I'd run that far twice during training, so I was quietly confident I'd go the distance, but with the weather surprisingly hot, I wasn't sure I'd be able to beat my previous personal best of 1 hour 45 minutes, set at the Great North Run in Newcastle a couple of years ago.
It was interesting that I didn't see anyone else in a charity running vest as I made my way around, and I've never heard of any of my Swiss mates doing a sporting activity to raise donations for a cause. That isn't to say that they don't take on such challenges – the culture of sport and fitness here is incredible. If a Swiss person is late back from lunch, they may well have done an Ironman.
I think that's what's behind the lack of fancy dress competitors and fundraising requests. So many people do so many events here that they need to do something even more awe-inspiring to warrant asking for funds. Or they just consider their sporting endeavours and charity contributions as two very separate things. Maybe it's bit of both.
Anyway, back to the race, and just a few hundred metres in, my MS Society charity running rest came in handy. I stuck the bottom half of my face in it to mask the smell of an initial stretch past a sewage works. The pong didn't last long, however, and the scenery soon started to improve as we began snaking around the Greifensee.
The few folks that live along the rural route came out to offer encouragement by jangling cow bells and spraying the runners with hoses. Though the intention is kind, I tried really hard not to get squirted. Wet kit can lead to chafed nipples. And there really is very little that's worse than chafed nipples. As a result, some of my fastest stretches were those that involved sprinting past farmers wielding water cannons.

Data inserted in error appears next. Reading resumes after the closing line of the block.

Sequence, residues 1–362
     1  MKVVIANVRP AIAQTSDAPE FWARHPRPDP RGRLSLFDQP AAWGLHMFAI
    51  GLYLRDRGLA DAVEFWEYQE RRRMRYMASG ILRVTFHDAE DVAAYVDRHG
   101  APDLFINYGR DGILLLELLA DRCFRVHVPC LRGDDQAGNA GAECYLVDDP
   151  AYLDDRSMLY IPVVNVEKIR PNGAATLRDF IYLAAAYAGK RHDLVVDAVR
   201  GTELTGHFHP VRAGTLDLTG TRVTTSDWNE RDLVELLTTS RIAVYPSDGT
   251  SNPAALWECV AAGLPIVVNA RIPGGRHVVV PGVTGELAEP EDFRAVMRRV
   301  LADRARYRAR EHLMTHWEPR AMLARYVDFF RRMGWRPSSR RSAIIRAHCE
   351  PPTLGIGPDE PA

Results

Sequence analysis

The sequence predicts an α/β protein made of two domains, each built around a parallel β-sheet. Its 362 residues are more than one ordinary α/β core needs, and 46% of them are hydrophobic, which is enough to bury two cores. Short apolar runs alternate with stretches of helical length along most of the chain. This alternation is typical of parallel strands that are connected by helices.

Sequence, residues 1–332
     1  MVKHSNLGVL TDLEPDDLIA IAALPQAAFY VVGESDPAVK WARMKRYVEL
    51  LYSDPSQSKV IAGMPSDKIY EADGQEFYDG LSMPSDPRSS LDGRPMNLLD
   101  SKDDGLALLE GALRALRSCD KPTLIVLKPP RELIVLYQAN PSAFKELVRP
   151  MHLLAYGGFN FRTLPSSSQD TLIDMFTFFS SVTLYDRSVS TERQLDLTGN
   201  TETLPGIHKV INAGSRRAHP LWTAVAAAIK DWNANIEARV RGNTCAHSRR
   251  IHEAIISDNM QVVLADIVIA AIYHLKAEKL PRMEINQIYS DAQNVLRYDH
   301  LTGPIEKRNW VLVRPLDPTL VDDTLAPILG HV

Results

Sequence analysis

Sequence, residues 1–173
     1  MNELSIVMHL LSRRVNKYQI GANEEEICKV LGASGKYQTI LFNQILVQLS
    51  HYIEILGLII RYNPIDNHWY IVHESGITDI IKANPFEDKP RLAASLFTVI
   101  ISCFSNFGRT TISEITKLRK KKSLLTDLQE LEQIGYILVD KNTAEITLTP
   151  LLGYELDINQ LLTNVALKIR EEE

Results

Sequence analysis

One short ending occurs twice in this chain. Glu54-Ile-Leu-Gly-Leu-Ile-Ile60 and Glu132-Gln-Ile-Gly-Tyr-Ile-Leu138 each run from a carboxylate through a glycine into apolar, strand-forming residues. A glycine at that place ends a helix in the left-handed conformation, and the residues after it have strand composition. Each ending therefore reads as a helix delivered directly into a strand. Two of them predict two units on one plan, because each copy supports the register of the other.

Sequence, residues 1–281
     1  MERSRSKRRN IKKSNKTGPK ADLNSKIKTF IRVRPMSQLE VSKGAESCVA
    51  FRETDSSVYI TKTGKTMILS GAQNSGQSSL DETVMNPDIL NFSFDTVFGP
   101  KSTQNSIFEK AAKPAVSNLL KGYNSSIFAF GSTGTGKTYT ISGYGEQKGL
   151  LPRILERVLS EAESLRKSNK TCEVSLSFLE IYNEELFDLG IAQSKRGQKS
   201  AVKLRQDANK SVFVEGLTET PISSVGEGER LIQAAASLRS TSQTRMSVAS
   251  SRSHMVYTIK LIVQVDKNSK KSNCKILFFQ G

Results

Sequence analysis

Though the course is flat, they throw in a cheeky climb at the end, just for good measure. It's not too big or steep, but coming 12 miles in, it feels like the Matterhorn. Thankfully, I'd been running up the hill behind our flat quite a bit during training, so I managed to make it to summit without too much trouble.
By going steady at the beginning of the race, and picking up the pace at the end, I'm pleased to report I came home in 1 hour and 39 minutes. Not necessarily a time an East African would be proud of, but
a great result for me. If I'd had the energy to celebrate, I would've done, but as you can see from my finishing video here, it took all my effort just to turn off my stopwatch. I was delighted and relieved to finally see my finishing committee of Zoe and our friend Nat waiting to point me in the direction of a seat.
If you check out the video, watch out for the tall bearded guy storming in behind me. I used him as a pacer for the last four miles but it seems he went for a different finishing strategy to me. I have to say, anyone can go that fast, and get their knees that high, is impressive, not least at the end of a half marathon.
So, all in all, a great experience for a good cause. And, as my legs are still a little heavy, I figure I can still make one last fundraising plea. It's not too late to donate online - you can do your bit to beat MS by heading over to www.justgiving.com/halfmarathonmikey.
Mike Stuart moved to Switzerland in 2013 when his better half Zoë landed a job in Zurich.